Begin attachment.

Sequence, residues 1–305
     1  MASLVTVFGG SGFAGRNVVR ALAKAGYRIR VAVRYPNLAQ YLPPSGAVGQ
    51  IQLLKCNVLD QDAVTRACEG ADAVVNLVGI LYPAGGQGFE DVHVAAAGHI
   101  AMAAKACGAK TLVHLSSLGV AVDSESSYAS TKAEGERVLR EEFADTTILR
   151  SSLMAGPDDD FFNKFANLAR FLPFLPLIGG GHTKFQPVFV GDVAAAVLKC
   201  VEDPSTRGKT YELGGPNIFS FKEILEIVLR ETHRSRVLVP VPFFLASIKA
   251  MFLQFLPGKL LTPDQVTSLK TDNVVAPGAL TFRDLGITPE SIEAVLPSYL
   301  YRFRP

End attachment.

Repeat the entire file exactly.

Sequence, residues 1–305
     1  MASLVTVFGG SGFAGRNVVR ALAKAGYRIR VAVRYPNLAQ YLPPSGAVGQ
    51  IQLLKCNVLD QDAVTRACEG ADAVVNLVGI LYPAGGQGFE DVHVAAAGHI
   101  AMAAKACGAK TLVHLSSLGV AVDSESSYAS TKAEGERVLR EEFADTTILR
   151  SSLMAGPDDD FFNKFANLAR FLPFLPLIGG GHTKFQPVFV GDVAAAVLKC
   201  VEDPSTRGKT YELGGPNIFS FKEILEIVLR ETHRSRVLVP VPFFLASIKA
   251  MFLQFLPGKL LTPDQVTSLK TDNVVAPGAL TFRDLGITPE SIEAVLPSYL
   301  YRFRP